Sex is hard thing for parents to discuss with their kids. To talk about love is almost impossible.
One day, Ibrahim asks me why I only date brown men. I do not know how to answer this because I have not dated men of any shade since his return to the United States. After the marriage ended, I had a white guy fetish, these men who don’t trim their pubes or wash after sex. I grew tired of the way the way their worlds smelled and tasted; like tiny, bland palates.
I do not tell my son any of these things, the excursions that took place in his absence, because it is not yet important. One day, I will say to him how I needed to know that someone found my body beautiful after I took off my hijab. I needed to be touched, to feel like a woman again, after raising five-step kids while his father managed the Arab Spring abroad. One day, but not today, he will know how thirsty a body can become, and how merciful an embrace can wash over bones that hold tired, broken flesh.
Ibrahim tells me that I need to smile more, that he is surprised no one has asked for me. “You are really pretty,” he reveals. A year before, I was the butt of yo momma jokes. Yo momma so fat. Yo momma so ugly. This is the same child who now graciously endures his mother’s self-inflected insecurities about her body; the mother he reassures is not fat but fluffy. He worries that I worry so much. I don’t tell him how afraid I am of heartache; that perhaps my perceived body issues thrive as barriers to love. I worry that he will grow up to seek broken women because he was unable to fix me.
He cranes his neck to read my text messages, this time coming from a brown Muslim man. You have a crush, he teases me. You need to go out more, he tells me. There is no one out there for me, I tell him back. I feel like I am failing him by not having a husband, by not even dating. He has to learn how to negotiate matters of the heart from someone. All I am teaching him is an inefficient manner of loneliness, how to coddle fears into a perfect art.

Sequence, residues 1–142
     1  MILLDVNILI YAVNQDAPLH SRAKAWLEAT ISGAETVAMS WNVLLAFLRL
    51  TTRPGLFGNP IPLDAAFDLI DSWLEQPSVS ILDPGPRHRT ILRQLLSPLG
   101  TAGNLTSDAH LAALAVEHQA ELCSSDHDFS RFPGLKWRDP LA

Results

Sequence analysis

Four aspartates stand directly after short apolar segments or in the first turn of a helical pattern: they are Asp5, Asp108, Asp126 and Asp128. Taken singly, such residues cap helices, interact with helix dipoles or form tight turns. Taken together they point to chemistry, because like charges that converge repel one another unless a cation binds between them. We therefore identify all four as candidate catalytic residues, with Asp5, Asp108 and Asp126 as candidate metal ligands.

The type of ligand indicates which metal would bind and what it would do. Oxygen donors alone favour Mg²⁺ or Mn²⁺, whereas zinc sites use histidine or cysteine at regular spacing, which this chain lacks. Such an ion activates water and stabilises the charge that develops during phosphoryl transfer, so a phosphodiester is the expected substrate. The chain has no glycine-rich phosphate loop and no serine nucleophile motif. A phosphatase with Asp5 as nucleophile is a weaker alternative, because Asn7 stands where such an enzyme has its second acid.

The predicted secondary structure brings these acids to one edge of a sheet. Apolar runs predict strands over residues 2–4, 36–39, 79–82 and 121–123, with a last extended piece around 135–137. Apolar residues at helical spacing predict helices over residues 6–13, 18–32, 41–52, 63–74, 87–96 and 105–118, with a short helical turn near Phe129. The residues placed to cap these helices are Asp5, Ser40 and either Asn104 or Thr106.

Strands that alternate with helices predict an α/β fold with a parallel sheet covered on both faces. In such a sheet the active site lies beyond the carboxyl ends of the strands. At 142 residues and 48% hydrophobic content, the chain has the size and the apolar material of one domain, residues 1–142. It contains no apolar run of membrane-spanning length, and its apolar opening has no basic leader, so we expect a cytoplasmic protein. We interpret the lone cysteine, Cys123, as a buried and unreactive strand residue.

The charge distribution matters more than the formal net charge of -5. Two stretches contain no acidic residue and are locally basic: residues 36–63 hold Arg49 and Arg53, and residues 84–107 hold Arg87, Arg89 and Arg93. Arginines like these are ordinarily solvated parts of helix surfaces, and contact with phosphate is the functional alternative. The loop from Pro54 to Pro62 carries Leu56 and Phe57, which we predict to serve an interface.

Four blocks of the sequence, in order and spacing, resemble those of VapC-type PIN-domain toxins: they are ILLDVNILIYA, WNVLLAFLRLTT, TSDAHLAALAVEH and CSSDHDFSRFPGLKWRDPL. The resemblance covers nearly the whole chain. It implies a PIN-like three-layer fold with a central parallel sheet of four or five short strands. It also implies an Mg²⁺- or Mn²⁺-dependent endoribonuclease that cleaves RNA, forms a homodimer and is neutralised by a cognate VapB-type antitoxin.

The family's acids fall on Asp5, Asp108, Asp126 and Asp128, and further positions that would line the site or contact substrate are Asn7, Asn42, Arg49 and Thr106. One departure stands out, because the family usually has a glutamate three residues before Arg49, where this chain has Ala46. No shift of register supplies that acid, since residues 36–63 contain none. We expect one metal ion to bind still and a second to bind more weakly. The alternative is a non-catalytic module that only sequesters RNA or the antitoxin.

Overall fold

We talk about what it means to date. It is an odd conversation, for we are both nudging up against the wilderness of desire and longing. He will soon enter high school, where hard-ons, eager young women, and sexy Snapchats will suffice as casual hallway conversation. On my side of the world, I wonder if I will again feel the soft touch of a man’s lips against mine, a desire now stalled since my son returned to the bedroom next to mine. We are poised at our respected life stages to welcome differently weighted versions of love and affection.
Dating, I tell him, holds specific challenges. I bring up temporary marriage, mut’a, which some Muslims in the West use to explore sex and companionship in the lean, long years prior to or outside of marriage. The concept is controversial, but the basic idea of mut’a stipulates a contract of sorts between two consenting individuals to determine the boundaries of time alone together. Mu’ta expects people to have the kind of dialogue that sex education teacher encourages teenagers to have with their future partners.
“Sex is ultimately about responsibility,” I tell Ibrahim. “Responsibility to yourself, the other person, and to society.” There are consequences of irresponsible sex, like STDs, unwanted pregnancies, and weightier matters of the heart. The conversation around temporary marriages allows me drop buzzwords like consent, boundaries, clear expectations in a sexual relationship, a commitment to care for any children conceived.
He turns to me and says, “I think we have more intellectual conversations than most kids my age have with their mothers.”
I tend to agree, I tell him. Thank you thank you thank you God.
“You know, nana,” he says, “you need to smile more. Like, just go into Starbucks and smile. Then someone will ask you out. You need to work on your resting bitch face.” He is giving me dating advice, as if is that simple, as if he knows how these things work. And, one other thing: on the way back from the grocery store, he offers unsolicited advice.